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The Top 3 Divorce Settlement Mistakes

When you are facing a life changing decision like divorce, what do you think you will find more valuable: Someone to make you feel better by saying that nothing has to change, or someone who will give it to you straight, no chaser? I feel strongly that not enough people in the world of divorce professionals will truly tell it like it is. They tell you what you want to hear which can lead you to make some stupid m

istakes. Easily Avoidable mistakes; mistakes that need not happen!

I empathetically cut to the chase and tell it like it is. Your household income as a couple will now be supporting two households, so yes, things will change. Let me guide you through that change with some simple points. Basically, let me help you not make stupid mistakes!

Here are a few things that I see repeatedly when it comes to divorce. Settlements are agreed to (and sometimes even ordered by a judge!) then the people come to me after-the-fact confused and bewildered and I read through their decree and just shake my head. Please, please, please – don’t make these mistakes!!

#3 – The settlement doesn’t take taxes into effect – AT ALL!

We all know that Uncle Sam will dive into our pockets at every opportunity. Absolutely do not agree to a settlement without knowing the tax implications! What people often find is that the tax burden on their half of the marital assets is significantly higher than their spouse’s making their “half” of the assets worth significantly less than they thought! More specifically, don’t expect your attorney to do this! Attorneys are not accountants or financial advisors and a lot of them won’t bother to warn you of that. Buyer beware.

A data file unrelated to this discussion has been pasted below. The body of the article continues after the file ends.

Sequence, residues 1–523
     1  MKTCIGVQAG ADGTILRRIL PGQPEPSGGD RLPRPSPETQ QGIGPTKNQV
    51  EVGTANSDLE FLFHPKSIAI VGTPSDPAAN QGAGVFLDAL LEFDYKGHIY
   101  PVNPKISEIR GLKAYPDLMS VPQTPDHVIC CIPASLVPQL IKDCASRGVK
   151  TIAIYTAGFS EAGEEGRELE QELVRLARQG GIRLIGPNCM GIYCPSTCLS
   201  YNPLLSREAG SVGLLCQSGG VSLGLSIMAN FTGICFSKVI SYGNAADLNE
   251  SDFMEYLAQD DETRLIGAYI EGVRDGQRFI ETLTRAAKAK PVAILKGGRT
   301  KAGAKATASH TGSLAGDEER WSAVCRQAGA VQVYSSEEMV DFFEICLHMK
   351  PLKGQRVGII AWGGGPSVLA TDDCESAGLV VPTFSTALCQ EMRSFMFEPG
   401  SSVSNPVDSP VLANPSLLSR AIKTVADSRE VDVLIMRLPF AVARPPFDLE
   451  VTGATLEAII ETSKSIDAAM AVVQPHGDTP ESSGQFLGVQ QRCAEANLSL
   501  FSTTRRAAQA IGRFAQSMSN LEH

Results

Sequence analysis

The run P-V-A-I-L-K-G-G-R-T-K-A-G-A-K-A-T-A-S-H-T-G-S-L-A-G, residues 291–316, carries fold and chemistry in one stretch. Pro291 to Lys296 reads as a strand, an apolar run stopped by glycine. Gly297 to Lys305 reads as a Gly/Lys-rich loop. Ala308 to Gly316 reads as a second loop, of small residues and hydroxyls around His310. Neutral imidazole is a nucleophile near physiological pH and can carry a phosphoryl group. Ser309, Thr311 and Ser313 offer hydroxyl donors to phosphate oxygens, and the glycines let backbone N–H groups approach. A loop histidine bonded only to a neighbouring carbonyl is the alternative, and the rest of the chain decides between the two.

#2 – Pensions are split 50/50 but no one knows what that really means.

Over and over and over I see divorce decrees that order pensions split 50/50 but no one has any idea what will actually happen. When do you start collecting? Is there an option to take a lump sum? Will there be a cost of living increase each year? What if you or your spouse dies? Will it keep paying? Will it double? When I ask these questions, no one has ANY IDEA what the answers are? Really? How can you possibly agree to a settlement without understanding something so crucial to your retirement? Again, do not expect attorneys or mediators to be of much help here.

#1 – Drum Roll Please– The biggest mistake I see is keeping a house you can’t afford.

I understand you can get emotionally tied to the family home and really want to stay. Before you even consider this option, you must do a budget. I also strongly suggest you meet with a financial planner. I have witnessed where one or two years down the road the spouse who “won the house” has run out of cash and realized that they can’t sell a window to put food on the table, they can’t refinance because now they don’t have enough income, and they have no choice but to sell. The selling costs (real estate commissions and other fees) can amount up to 10% of the sale – all of which would have been split 50/50 with the ex if they had sold as part of the divorce. Stupid, stupid, stupid.

And completely avoidable.

So listen, I know “stupid” is not a very nice word and ignorance is probably more accurate. But please, realize you don’t know what you don’t know. Bring in the right experts for your divorce to make sure that you are smart and make the best decisions you can with all the information! Don’t go this alone. As we say at Late Bloom Divorce, “You only have one chance to get it right!” Let us help.

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